Contributed by Jim Nelson, consultant to CAIRE Inc. -
Loneliness is the stuff of which country-western songs are made. It is an emotion, a feeling that we all have experienced, whether we are in a crowd or in fact alone. Why must we feel the longing for companionship, the hollow feeling that drives us to seek the company of others?
There is some validity to the theory that we developed the feelings of loneliness as a defense mechanism early in human history. Isolation, according to the theory, might have brought with it an uneasy feeling, a longing for the company and the safety of others. Those who developed that feeling, who heeded it, likely survived to propagate, to pass that emotion on to later generations.
But what of today? We now find ourselves isolated, sequestered, hunkered down to an extent that few of us have ever experienced … the whole coronavirus pandemic has forced us into situations that easily breed feelings of loneliness. If you are living alone, it is likely that feelings of loneliness will creep into your consciousness. Given the restrictions of today’s world, the chances of alleviating those emotions are limited, at best. So, what to do?
We are seemingly doing everything on a virtual basis these days, so it would seem logical to use technology to alleviate our solitary situation. The phone itself works quite well to reach out to others. A conversation every day or every other day or whatever can do wonders. In addition, today’s phones allow an easy transition to video calling, real Dick Tracy wrist radio stuff! Then, applications such as Zoom and Bluejeans and such allow us to communicate with, work with, enjoy a group of friends. The procedure may seem daunting at first, but if I can do it … you can too!
I write for, and am a member of, several online support groups. Over the years of my COPD and lung transplant, they were and continue to be valuable sources of information and support. Several of them require their approval for your membership, but they are generally welcoming to new members. Some of my favourites are:
COPD Lung Foundation Australia ~ Visit their website on www.lungfoundation.com.au. The Lung Foundation is committed to making a difference for those living with Lung Disease. Support. Rehabilitation. Advocacy.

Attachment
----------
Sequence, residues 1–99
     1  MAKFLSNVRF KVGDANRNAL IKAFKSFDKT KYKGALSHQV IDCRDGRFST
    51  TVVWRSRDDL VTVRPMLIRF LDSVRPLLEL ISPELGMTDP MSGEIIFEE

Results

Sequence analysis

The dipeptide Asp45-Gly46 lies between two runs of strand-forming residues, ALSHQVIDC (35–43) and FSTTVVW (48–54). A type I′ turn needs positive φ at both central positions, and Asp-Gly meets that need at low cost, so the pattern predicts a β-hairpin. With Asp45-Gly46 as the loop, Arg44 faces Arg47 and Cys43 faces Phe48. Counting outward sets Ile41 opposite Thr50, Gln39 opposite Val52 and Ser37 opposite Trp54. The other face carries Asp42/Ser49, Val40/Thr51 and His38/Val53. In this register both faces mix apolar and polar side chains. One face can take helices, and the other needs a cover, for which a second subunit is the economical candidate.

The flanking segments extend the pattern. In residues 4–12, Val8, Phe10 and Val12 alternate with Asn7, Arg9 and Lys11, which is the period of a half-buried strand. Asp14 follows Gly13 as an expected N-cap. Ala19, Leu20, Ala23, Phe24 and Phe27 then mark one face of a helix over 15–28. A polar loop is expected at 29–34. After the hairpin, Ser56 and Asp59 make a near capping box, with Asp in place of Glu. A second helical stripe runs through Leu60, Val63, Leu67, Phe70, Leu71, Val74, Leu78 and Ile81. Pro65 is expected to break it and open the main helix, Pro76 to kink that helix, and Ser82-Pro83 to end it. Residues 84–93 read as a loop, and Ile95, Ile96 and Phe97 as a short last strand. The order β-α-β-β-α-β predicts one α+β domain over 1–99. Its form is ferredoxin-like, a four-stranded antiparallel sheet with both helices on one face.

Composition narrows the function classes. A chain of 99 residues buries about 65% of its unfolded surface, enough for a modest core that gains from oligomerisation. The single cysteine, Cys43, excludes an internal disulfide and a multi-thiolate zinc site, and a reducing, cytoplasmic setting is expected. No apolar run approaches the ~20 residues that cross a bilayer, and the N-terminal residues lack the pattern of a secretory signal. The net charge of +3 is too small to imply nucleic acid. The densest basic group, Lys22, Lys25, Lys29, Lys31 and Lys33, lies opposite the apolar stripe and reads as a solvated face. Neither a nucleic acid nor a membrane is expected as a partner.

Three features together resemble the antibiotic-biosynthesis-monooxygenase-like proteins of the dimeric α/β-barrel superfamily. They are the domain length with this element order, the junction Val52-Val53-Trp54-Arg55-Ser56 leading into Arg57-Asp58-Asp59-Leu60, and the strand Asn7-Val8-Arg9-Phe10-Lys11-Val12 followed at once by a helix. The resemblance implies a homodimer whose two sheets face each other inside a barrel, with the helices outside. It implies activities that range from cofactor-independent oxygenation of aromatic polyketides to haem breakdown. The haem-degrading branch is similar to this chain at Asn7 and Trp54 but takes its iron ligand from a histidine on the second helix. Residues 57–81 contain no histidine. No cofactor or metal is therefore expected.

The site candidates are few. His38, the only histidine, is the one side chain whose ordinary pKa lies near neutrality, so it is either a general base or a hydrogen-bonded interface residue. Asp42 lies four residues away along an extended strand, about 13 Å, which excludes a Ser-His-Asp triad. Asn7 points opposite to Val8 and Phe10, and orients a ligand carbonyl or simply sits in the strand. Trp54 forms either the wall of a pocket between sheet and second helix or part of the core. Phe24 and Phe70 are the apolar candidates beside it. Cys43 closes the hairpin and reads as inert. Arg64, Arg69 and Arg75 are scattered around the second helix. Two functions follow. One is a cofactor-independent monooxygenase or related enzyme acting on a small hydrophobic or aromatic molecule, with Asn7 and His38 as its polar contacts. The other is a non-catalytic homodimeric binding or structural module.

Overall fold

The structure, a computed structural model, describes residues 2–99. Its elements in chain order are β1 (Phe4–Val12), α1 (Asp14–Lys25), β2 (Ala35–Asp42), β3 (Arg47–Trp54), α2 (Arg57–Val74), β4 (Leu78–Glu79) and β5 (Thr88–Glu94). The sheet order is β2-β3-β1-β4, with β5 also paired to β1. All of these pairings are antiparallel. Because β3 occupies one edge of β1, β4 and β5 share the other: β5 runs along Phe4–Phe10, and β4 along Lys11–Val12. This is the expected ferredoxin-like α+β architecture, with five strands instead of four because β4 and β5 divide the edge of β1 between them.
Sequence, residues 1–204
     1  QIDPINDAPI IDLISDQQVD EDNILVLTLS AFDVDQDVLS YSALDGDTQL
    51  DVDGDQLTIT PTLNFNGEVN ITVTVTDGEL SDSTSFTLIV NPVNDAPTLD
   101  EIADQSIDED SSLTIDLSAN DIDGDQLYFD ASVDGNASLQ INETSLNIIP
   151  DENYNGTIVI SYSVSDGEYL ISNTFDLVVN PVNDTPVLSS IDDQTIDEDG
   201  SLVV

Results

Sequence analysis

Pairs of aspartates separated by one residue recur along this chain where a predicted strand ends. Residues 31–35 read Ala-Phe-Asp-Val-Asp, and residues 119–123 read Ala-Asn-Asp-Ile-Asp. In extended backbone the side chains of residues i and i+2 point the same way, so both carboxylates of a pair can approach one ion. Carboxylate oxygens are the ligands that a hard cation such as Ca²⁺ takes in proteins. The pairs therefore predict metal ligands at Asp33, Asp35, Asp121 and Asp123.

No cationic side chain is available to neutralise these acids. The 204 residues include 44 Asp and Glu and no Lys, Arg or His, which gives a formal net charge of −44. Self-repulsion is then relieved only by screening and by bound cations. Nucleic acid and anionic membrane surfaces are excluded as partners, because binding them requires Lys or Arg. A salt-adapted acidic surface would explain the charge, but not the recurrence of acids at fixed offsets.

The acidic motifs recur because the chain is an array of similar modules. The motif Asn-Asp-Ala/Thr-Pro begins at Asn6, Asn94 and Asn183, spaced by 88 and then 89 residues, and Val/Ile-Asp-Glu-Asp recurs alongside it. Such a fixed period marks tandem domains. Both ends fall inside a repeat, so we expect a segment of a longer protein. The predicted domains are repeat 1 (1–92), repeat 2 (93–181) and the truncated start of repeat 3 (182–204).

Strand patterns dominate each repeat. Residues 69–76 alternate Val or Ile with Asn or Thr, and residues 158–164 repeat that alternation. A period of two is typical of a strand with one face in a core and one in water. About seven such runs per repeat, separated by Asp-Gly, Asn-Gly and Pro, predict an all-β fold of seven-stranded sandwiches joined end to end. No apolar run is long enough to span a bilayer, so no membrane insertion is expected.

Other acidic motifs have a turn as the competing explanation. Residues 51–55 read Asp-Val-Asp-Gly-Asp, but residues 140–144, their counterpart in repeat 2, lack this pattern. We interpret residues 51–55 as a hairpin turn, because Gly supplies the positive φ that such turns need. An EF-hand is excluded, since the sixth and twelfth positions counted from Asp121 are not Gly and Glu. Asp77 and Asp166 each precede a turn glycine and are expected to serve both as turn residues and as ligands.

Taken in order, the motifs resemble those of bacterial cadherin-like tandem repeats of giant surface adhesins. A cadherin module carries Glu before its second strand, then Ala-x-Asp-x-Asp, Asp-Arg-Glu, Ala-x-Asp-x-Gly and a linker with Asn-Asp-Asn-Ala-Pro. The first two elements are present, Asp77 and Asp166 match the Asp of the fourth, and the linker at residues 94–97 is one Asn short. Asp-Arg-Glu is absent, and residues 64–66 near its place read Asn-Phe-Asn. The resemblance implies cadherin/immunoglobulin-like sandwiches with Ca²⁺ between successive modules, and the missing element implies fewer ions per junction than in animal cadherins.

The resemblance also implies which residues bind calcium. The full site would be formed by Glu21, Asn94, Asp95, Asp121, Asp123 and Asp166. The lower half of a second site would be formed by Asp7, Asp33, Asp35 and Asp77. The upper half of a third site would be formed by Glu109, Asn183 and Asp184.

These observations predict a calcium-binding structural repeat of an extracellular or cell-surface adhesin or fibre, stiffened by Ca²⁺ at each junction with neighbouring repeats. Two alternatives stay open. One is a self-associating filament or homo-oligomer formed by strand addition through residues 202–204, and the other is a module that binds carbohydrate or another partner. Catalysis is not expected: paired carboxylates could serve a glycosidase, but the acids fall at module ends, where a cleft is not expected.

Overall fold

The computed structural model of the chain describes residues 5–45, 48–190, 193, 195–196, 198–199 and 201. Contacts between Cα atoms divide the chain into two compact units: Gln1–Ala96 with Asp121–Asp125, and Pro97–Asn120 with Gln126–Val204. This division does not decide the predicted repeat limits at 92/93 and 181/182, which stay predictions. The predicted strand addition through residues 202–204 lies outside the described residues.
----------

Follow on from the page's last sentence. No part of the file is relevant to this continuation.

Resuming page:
COPD Navigator ~ On Facebook search for “COPD Navigator” or click this link to connect.
Ultimate Pulmonary Wellness Foundation ~ Visit the website by clicking this link or find them on Facebook by clicking this link.
COPD Foundation ~ Visit their website by clicking this link or their Facebook page by clicking this link. They also have an online community called COPD360social. Click this link to learn more.
Righr2Breathe ~ This is a great group, founded in part by Joe Morrison. Joe grew up in drag racing with his dad, and became a driver. After his father’s death from COPD, Joe continued racing, and recently won his Double A Fueler license. Along the way, he and a good friend formed Right2Breathe, an online community group that holds twice-a month online seminars. Right now, the meetings are composed of mostly COPD advocates, but we are looking for new participants. Visit their website by clicking this link or find them on Facebook by clicking this link.
EFFORTS ~ Visit Emphysema Foundation For Our Right To Survive online by clicking this link. Access educational materials, support groups and more.
If you are in the company of family or friends, there is still a chance that you will feel the pangs of loneliness. If that is the case, you must examine the reason. Did you feel that way prior to the limitations imposed by the virus? If that is the case, is communication the problem? There is a tremendous amount of misunderstanding about the challenges involved with lung disease. Family and friends are notoriously ignorant about your disease, and the fault for that lies with everyone involved.
The lung disease patient, or any other chronic disease patient, holds a responsibility to educate those around them. Of course, in order to teach others, the patient must understand their own situation. As I have said a million times, knowledge is power! A good knowledge of your disease will allow you to communicate with those around you, and hopefully help to alleviate the loneliness that comes with the lack of understanding.
Or, maybe just cut down on the country-western songs …
- Uncle Jim
Jim Nelson is a double lung transplant recipient and a patient advocate for COPD patients throughout the U.S. and around the world. He and his wife, Mary, are well known patient advocates and brand ambassadors for those organisations who tirelessly endeavour to help those individuals who suffer from a variety of respiratory diseases and the caregivers who support them.
The contents of this blog post are not intended to substitute for professional medical advice. Please consult your physician for personalised medical advice. When using any oxygen therapy device please consult the applicable product instructions for use for product indications, contraindications, warnings, precautions, and detailed safety information.